Playing with a mouthy puppy is different than playing with an adult, and takes a fair amount of trial and error to figure out what works best.
I don’t get upset with Lyra for biting when we play; I simply stop moving and wait for her to let go. At this point, she tends to go for my jacket.
I’ve learned that if I keep my hands open and push the sides of her muzzle while she is in between my legs, she is the less likely to bite than when she is facing me. This lasts for about ten seconds at the most, after which she gets too wound up and the teeth start flashing. When Lyra was a very small puppy, she was good for no more than three seconds before the teeth came out, so we’re heading in the right direction.
My end goal is personal play with me rather than toy play, but this will take time and lots of practice to get there. What I am looking for now is happy, interactive engagement. I want her looking up at my face and interacting with me as much as possible, whether or not one of us is holding a toy. To get this, I use unusual noises, clapping and body movement. I also use the movement of the toy or food – this will keep her engaged in the game for a greater length of time than I could get with personal play alone. My experience is that if you play silently, most dogs will focus on the toy over the total interaction, so talking, clapping, and praising are really important right now. If your goal is to improve your dog’s toy play, you might find that playing silently is a better choice for you, at least initially.
To help Lyra focus on the total interaction rather than the toy, I alternate between playing tug with the toy, playing with her while she holds a toy in her mouth, and playing directly without a toy. The toy normally winds her up and leads to biting, so sometimes I’ll work her for a food reward before trying personal play. Regardless of what I am using, I encourage her to focus on my face, hands and movement.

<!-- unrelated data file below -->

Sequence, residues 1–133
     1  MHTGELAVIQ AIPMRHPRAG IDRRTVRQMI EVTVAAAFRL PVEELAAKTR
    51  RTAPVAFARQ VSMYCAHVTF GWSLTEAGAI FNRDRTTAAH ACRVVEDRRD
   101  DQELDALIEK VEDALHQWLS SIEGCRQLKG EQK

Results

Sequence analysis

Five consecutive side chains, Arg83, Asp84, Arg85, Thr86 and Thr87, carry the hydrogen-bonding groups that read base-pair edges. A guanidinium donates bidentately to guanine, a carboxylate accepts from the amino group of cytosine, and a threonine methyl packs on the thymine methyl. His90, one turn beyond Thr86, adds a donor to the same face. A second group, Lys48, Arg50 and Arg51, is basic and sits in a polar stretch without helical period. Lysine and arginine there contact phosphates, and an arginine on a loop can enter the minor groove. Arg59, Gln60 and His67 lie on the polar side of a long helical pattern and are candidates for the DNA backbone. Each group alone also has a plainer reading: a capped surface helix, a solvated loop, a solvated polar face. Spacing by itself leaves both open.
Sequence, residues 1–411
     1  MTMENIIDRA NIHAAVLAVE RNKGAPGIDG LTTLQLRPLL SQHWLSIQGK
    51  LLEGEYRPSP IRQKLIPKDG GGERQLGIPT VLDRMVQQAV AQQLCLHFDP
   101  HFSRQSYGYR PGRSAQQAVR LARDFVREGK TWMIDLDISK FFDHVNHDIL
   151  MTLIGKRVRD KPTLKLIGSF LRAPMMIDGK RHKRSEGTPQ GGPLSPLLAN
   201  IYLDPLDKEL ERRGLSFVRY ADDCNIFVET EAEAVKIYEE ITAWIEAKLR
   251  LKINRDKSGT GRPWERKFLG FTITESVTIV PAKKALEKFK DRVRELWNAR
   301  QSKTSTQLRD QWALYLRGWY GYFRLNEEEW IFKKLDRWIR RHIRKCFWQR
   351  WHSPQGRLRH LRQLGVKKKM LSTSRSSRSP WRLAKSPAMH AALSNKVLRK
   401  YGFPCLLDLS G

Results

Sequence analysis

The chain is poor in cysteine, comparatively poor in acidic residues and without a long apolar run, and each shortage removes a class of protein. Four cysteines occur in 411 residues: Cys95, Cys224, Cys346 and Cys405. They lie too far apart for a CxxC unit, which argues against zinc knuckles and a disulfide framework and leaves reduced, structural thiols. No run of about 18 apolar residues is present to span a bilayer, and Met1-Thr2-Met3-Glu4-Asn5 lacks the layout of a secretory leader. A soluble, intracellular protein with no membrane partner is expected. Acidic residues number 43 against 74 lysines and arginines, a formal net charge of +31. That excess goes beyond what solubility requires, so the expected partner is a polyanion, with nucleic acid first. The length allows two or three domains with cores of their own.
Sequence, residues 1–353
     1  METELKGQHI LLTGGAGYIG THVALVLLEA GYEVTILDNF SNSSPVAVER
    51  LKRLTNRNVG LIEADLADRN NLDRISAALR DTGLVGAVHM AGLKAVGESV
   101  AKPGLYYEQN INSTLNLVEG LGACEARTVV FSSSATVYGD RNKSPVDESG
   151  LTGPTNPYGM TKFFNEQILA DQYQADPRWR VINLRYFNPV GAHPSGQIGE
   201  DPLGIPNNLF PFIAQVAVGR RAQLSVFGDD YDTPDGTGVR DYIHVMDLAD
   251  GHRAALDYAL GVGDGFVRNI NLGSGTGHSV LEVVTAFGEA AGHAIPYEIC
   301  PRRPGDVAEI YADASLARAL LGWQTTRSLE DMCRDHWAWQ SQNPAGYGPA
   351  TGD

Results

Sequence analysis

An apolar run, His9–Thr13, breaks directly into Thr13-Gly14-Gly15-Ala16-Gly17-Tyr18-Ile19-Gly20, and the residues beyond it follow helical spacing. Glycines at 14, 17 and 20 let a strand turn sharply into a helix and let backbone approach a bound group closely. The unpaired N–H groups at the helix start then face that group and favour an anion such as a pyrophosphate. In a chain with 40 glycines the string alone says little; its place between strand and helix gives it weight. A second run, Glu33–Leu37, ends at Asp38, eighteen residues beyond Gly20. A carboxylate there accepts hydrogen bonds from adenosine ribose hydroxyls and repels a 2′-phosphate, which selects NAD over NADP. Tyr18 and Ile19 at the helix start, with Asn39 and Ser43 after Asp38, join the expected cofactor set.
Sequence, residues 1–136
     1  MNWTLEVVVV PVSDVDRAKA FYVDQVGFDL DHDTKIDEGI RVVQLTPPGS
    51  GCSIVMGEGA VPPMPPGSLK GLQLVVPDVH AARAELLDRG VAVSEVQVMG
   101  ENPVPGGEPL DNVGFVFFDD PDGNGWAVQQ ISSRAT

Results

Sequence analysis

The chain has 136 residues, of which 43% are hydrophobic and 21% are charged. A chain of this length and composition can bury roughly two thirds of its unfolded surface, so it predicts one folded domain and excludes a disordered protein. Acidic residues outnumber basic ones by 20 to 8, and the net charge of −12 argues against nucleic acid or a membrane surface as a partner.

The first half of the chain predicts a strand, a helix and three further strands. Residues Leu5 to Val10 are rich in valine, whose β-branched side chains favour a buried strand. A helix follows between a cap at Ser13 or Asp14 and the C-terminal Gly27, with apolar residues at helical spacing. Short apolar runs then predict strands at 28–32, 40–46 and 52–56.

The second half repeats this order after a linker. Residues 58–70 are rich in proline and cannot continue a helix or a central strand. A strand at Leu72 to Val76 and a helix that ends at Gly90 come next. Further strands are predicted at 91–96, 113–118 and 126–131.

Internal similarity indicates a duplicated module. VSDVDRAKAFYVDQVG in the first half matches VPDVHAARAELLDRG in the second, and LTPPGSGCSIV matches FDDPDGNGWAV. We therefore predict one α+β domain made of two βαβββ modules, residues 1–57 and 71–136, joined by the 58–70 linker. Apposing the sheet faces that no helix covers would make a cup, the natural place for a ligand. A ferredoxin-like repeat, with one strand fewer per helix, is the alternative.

Lyra is starting to put some of her energy into leaping and running instead of biting – small bits of improvement over time. Leaping and running are normally how we start our training sessions.
I have included two videos. In the first video, Lyra is being trained in the morning when she is in a relatively good mood. Because she is “giving” to me, I don’t do a lot of chase games; I opt for more personal interaction and toy play.
This second video was taken in the afternoon; it appears that Lyra simply wanted to nap. This is not unusual for her – she has to grow older and develop her drive on her own schedule. To offset her quiet behavior, I’m doing more running away chase games.
I cannot know what her adult personal play style will be. I know that when Lyra plays with my other dogs, her preference is to wrestle and bite, and I hope to redirect that behavior into opposition reflex. I also see some chase games, depending on who she is playing with, so maybe that interest will become jumping up in their air and other activities that allow her to use her body. She has too few skills to know how she’ll feel about games that involve personal contests between the two of us. ‘
Lyra does like personal “hands on” contact in the house (petting, thumping, hugging, etc.), and I hope that I’ll find a way to incorporate that interest. Maybe I’ll end up with a combination of jumping at my hands, direct physical contact against my body from the front or side, chasing me, pushing her muzzle or neck, and thumping on her sides and chest. She might also get to the point where she grabs my hands but does not bite down.